John Trumbull, born in Connecticut and educated at Harvard, recorded on canvas the major events of the nation’s founding. He served for a time as General George Washington’s aide-de-camp, and his experience contributed to the vividness of paintings such as this one and his now-famous series depicting key events of the American Revolution.
In 1784 Trumbull traveled to England. Seeking a theme to boost his reputation there, he portrayed the sortie at Gibraltar on November 26, 1781, in which British forces overthrew a Spanish siege, set the Spanish military works ablaze, and mortally wounded the Spanish commander, Don José de Barboza. The British general George Augustus Elliott offered Barboza sanctuary, but the Spaniard valiantly chose to die with his men.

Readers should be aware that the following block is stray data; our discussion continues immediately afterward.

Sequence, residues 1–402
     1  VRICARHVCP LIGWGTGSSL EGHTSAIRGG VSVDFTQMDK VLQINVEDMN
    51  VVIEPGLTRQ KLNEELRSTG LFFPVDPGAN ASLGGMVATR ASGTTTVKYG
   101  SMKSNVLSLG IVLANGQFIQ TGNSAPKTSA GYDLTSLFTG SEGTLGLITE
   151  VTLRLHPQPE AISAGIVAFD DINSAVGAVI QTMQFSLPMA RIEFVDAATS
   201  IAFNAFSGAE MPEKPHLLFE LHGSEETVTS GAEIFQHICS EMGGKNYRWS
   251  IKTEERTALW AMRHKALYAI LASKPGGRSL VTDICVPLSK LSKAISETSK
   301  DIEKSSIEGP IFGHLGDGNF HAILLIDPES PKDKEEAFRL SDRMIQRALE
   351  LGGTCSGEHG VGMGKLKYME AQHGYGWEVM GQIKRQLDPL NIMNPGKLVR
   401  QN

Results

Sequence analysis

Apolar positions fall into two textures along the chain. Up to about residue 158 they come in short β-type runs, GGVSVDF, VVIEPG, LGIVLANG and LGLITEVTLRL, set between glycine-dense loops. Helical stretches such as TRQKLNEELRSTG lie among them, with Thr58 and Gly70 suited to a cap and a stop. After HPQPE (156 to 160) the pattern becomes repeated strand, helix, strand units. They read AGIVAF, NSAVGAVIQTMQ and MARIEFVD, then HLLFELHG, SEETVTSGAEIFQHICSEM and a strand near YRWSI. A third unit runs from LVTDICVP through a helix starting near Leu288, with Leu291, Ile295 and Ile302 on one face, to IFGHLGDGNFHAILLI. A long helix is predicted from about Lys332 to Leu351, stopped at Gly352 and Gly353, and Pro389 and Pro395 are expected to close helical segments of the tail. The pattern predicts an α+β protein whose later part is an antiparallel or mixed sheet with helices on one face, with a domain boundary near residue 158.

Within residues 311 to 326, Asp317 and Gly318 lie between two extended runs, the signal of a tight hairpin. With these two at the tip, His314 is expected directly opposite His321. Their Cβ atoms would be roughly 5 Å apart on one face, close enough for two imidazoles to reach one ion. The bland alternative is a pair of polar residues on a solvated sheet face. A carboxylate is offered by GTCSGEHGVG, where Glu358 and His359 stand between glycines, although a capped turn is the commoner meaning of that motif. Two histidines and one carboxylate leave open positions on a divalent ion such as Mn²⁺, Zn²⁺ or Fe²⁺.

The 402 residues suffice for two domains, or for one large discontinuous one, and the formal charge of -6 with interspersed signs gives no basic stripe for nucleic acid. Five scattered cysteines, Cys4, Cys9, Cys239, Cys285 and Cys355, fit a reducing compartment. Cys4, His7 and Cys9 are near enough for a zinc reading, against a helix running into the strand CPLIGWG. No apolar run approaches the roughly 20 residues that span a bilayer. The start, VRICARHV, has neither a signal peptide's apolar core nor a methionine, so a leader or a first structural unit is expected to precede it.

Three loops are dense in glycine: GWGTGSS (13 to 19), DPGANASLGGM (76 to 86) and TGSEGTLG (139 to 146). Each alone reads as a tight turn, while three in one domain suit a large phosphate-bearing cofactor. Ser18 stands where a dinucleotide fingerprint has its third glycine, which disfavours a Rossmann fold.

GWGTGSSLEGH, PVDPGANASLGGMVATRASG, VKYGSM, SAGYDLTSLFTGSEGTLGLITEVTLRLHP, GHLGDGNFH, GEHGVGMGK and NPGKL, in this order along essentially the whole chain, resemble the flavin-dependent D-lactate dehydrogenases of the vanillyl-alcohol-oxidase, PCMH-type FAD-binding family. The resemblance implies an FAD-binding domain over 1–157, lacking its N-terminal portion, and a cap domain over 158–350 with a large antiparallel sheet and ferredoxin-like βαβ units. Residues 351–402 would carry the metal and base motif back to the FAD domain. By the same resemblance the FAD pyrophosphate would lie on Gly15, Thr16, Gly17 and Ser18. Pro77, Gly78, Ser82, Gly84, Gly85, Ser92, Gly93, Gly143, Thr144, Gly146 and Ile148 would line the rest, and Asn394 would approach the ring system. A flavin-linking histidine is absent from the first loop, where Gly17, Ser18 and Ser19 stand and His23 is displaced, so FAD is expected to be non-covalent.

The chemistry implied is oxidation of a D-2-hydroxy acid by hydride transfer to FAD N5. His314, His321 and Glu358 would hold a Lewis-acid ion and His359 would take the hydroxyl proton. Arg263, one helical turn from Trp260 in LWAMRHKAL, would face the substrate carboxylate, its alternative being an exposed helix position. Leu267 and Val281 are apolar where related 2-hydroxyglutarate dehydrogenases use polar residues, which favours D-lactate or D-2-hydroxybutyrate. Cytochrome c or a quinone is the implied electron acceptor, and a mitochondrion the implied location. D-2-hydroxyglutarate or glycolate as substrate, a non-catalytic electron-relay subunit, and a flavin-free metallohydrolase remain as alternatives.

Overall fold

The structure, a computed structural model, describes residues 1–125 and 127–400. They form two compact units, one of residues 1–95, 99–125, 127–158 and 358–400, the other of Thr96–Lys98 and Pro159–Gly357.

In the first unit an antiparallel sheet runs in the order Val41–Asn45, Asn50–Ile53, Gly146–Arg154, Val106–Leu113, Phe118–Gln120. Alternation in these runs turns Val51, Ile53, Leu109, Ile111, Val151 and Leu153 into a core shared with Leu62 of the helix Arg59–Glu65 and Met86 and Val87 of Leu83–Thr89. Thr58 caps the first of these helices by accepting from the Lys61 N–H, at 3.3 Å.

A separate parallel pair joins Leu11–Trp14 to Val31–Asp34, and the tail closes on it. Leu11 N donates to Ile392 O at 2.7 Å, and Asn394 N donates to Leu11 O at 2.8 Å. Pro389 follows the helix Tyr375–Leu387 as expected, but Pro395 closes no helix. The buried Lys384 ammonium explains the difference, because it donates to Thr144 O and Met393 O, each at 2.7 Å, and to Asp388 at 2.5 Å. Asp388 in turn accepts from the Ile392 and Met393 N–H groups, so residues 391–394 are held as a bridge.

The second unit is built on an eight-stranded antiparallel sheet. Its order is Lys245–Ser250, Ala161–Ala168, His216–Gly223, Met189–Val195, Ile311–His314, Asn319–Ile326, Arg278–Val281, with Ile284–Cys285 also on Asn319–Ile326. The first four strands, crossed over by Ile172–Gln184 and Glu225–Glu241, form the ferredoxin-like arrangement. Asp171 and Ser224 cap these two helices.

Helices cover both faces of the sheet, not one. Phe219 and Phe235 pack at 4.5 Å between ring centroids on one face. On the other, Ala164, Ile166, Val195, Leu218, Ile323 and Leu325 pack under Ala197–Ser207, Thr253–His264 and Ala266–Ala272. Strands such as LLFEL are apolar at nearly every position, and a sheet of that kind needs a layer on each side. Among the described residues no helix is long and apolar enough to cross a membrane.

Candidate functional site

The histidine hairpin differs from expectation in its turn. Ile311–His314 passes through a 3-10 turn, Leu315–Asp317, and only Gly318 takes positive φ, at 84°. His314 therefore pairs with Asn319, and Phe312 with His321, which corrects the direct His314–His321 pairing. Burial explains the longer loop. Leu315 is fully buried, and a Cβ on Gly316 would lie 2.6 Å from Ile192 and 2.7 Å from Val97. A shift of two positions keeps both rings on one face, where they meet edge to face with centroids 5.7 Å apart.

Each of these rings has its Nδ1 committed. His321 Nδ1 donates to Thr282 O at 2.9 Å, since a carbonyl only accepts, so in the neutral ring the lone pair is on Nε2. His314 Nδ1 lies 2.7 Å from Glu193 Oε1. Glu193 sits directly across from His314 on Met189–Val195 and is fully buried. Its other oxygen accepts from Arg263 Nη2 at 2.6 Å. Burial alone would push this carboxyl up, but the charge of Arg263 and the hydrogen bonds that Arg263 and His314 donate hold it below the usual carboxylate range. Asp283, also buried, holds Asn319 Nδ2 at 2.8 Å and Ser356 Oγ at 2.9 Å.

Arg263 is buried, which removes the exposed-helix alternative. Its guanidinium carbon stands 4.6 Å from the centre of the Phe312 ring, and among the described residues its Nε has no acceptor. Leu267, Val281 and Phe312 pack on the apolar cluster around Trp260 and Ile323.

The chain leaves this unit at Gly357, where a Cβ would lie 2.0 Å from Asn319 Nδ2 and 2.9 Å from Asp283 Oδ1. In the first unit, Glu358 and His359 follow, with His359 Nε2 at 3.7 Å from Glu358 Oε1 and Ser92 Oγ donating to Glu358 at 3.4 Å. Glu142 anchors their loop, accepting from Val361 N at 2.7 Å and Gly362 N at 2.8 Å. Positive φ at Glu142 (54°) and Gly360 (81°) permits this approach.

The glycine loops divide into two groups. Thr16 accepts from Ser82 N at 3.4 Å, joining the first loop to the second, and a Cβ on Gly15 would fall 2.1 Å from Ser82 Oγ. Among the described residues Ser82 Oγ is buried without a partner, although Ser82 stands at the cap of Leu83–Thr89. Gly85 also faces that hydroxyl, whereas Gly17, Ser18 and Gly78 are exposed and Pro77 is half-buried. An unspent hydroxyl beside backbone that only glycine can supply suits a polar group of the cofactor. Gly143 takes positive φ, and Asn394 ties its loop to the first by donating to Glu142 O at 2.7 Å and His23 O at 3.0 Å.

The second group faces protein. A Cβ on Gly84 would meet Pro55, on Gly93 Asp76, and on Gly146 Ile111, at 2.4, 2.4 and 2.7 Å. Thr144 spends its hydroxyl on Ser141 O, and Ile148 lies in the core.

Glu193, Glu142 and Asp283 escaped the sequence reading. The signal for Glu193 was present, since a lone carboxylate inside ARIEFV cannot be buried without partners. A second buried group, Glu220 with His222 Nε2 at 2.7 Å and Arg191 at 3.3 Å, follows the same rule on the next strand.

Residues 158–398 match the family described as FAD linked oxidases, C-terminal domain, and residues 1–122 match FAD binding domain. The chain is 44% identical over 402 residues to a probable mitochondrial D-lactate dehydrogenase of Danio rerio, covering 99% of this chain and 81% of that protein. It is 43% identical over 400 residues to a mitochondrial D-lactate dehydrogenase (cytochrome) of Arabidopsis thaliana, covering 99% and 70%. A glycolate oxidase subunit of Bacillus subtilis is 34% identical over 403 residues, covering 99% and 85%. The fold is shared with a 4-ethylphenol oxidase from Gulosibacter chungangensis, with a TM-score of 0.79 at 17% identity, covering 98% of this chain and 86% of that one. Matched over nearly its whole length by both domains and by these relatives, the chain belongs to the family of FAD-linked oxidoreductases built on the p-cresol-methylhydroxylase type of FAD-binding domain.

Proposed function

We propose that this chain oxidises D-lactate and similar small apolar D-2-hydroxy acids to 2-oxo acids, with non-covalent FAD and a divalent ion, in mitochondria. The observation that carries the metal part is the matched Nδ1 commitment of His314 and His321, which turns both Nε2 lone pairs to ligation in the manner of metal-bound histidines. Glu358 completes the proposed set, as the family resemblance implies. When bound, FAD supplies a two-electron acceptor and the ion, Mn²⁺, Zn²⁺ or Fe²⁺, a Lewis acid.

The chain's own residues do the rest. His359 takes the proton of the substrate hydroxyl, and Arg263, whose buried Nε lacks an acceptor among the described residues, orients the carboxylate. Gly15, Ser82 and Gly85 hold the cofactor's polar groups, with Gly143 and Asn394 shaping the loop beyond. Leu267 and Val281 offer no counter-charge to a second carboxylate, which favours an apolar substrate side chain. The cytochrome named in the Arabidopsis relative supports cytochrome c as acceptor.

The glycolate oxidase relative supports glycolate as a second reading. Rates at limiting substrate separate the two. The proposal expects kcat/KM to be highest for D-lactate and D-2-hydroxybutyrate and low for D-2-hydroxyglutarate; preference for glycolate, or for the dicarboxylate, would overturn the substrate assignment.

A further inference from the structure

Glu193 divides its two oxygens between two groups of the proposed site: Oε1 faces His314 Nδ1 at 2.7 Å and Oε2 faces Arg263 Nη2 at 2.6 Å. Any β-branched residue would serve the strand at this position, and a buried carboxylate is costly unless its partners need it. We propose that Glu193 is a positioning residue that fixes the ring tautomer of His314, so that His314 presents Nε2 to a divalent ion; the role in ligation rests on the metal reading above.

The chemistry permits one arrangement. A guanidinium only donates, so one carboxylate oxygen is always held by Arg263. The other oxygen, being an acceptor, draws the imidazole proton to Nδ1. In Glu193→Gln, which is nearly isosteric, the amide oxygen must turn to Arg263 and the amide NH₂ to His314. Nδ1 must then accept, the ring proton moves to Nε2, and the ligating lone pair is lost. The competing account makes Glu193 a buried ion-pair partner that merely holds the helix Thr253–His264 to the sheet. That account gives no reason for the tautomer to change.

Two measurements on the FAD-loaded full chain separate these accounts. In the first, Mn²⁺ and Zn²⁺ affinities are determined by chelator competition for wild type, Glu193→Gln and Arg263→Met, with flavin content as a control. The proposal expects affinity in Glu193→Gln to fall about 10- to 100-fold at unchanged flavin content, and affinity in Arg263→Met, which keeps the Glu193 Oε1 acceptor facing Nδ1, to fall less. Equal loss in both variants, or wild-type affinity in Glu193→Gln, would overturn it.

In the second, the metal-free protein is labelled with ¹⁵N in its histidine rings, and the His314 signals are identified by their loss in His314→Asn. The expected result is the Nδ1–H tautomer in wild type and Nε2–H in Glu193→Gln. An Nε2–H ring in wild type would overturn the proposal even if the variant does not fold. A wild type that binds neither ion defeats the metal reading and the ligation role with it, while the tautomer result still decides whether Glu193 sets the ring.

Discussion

The picture gains veracity from the portraits of the British officers, which Trumbull made from life.
Trumbull was so linked with his paintings of the American Revolution that he had difficulty establishing a positive reputation in England. He selected this subject, "The Sortie from Gibraltar," which extolled the honor of the British army, to gain the affection of the English people.